Tell em, Grail Knight guy:

More on the unboxing and install woes after the bump. Click to read more!

Continue reading “Cooler Master Elite 431 Plus — Kind of a Letdown”

mysql-bin.index not found (Errcode: 13)

I ran into an issue last weekend when running my usual upgrade check. Running sudo apt-get update && sudo apt-get upgrade came back saying that mysql-server and mysql-server-5.5 needed to be upgraded and who am I to say no?

My Raspberry Pi started crunching through the upgrade and I went about my usual mid-upgrade routine of checking twitter and the facebooks, but when I came back to it I saw that the upgrade had come to a screeching halt:

Setting up mysql-server-5.5 (5.5.41-0+wheezy1) ...
[ ok ] Stopping MySQL database server: mysqld.
[FAIL] Starting MySQL database server: mysqld . . . . . . . . . . . . . . failed!
invoke-rc.d: initscript mysql, action "start" failed.
dpkg: error processing mysql-server-5.5 (--configure):
subprocess installed post-installation script returned error exit status 1
dpkg: dependency problems prevent configuration of mysql-server:
mysql-server depends on mysql-server-5.5; however:
Package mysql-server-5.5 is not configured yet.

dpkg: error processing mysql-server (--configure):
dependency problems - leaving unconfigured
Setting up mysql-client (5.5.41-0+wheezy1) ...
Errors were encountered while processing:

E: Sub-process /usr/bin/dpkg returned an error code (1)

Ruh roh, right?! Trying to start MySQL back up manually would fail over and over, so I tried just about every variation of installing/reinstalling/purging-then-installing MySQL and each time I’d run into something like:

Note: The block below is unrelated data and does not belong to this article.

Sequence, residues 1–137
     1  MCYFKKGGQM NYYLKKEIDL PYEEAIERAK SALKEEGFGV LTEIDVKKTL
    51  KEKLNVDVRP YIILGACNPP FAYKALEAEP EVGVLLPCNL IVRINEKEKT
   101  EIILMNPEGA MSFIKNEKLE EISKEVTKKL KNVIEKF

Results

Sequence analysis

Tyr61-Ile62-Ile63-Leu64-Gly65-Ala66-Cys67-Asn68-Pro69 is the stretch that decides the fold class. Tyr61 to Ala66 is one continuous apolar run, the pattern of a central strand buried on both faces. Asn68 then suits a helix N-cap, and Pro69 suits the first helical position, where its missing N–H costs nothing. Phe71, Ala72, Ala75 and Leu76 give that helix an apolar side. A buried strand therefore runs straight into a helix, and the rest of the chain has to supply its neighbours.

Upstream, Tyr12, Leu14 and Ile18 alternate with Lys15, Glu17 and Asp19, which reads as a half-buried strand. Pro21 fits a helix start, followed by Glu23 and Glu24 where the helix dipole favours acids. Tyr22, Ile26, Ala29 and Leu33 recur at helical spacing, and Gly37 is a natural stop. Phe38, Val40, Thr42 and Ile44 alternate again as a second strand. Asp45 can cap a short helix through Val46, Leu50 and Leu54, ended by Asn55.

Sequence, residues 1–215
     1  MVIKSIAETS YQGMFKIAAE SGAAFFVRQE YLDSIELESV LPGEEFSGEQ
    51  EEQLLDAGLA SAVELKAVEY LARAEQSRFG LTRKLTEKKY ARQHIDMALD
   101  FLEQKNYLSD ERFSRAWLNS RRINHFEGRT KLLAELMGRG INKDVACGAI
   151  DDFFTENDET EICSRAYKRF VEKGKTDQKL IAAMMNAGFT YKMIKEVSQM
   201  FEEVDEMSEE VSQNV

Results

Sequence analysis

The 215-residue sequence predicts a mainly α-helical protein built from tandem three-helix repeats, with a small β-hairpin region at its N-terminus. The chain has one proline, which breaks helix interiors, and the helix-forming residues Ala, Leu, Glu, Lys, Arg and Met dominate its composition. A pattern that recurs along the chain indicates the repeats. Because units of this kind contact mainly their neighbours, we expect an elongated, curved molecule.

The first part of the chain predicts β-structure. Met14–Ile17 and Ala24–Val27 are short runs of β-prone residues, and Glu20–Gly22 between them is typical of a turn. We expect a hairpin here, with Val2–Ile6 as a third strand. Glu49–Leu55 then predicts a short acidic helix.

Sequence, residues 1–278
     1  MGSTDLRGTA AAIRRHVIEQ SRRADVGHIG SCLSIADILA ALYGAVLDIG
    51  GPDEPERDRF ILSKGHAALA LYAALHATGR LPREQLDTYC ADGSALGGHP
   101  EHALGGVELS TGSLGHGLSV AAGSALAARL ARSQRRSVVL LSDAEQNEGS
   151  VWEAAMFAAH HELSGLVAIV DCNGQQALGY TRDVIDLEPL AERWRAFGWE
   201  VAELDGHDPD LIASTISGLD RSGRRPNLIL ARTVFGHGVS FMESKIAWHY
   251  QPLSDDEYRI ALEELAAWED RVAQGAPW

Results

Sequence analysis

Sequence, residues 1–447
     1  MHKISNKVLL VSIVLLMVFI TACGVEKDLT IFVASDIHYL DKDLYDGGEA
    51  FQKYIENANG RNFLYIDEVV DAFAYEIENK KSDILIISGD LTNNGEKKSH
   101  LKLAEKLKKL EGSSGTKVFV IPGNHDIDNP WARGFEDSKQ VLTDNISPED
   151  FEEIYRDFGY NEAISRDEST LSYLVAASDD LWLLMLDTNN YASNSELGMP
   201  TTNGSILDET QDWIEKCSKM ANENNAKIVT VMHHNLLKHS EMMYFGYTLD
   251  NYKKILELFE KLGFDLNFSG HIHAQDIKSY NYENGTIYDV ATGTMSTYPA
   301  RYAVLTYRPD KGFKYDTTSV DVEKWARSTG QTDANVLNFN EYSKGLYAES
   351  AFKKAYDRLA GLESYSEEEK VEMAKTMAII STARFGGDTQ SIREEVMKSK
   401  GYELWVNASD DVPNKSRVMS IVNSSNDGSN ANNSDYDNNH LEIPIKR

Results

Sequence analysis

/usr/sbin/mysqld: File './mysql-bin.000027' not found (Errcode: 13)
150124  9:04:59 [ERROR] Failed to open log (file './mysql-bin.000027', errno 13)
150124  9:04:59 [ERROR] Could not open log file
150124  9:04:59 [ERROR] Can't init tc log
150124  9:04:59 [ERROR] Aborting

150124  9:04:59  InnoDB: Starting shutdown...
150124  9:05:00  InnoDB: Shutdown completed; log sequence number 8235374
150124  9:05:00 [Note] /usr/sbin/mysqld: Shutdown complete

[FAIL] Starting MySQL database server: mysqld . . . . . . . . . . . . . . failed!


Setting up mysql-server-5.5 (5.5.41-0+wheezy1) ...
[ ok ] Stopping MySQL database server: mysqld.
/usr/sbin/mysqld: File './mysql-bin.index' not found (Errcode: 13)
150124  9:13:47 [ERROR] Aborting

150124  9:13:47 [Note] /usr/sbin/mysqld: Shutdown complete

[FAIL] Starting MySQL database server: mysqld . . . . . . . . . . . . . . failed!

So, the “not found” files piqued my interest. Looking at /var/lib/mysql, I found these files (amongst some others):

-rw-rw----  1 mysql mysql    25993 Jan 24 08:52 mysql-bin.000021
-rw-rw----  1 mysql mysql  1074198 Jan 24 08:52 mysql-bin.000022
-rw-rw----  1 mysql root     25993 Jan 24 08:56 mysql-bin.000023
-rw-rw----  1 mysql root     25993 Jan 24 09:02 mysql-bin.000024
-rw-rw----  1 mysql root   1074198 Jan 24 09:03 mysql-bin.000025
-rw-rw----  1 root  root     25993 Jan 24 09:04 mysql-bin.000026
-rw-rw----  1 root  root   1074198 Jan 24 09:04 mysql-bin.000027
-rw-rw----  1 mysql mysql      475 Jan 24 09:04 mysql-bin.index
-rw-------  1 mysql mysql        6 Jan 13 14:00 mysql_upgrade_info
drwx------  2 root  root      4096 Jan 24 09:04 performance_schema

The first thing that caught my eye was the difference of ownership across the mysql-bin.* files. I concluded that the files weren’t being found because the ownership was causing issues, so I chown’d the files back to mysql:mysql and MySQL started up as expected. However, follow-on attempts to upgrade mysql-server started this whole process over again.

I posted a question on the Raspbery Pi forums to see if anyone had seen anything like this before ( and was directed to look at my my.cnf file regarding the basedir and datadir. While looking there, I noticed that neither parameters existed in my my.cnf file. Now, I had copied my my.cnf file from the my.cnf examples that are provided when you install MySQL, so I was surprised to see that they were missing. I compared it to the vanilla my.cnf file and found that not only were basedir and datadir missing, it was also missing the user parameter. I dropped the vanilla my.cnf back in place and was able to upgrade without an issue. It’s speculation, but I’m guessing that because the mysql user wasn’t specified in the my.cnf file, the system was creating the new .bin files as root which halted the upgrade process.

Anyway, I thought I should document this just in case anyone stumbles on this same situation down the road.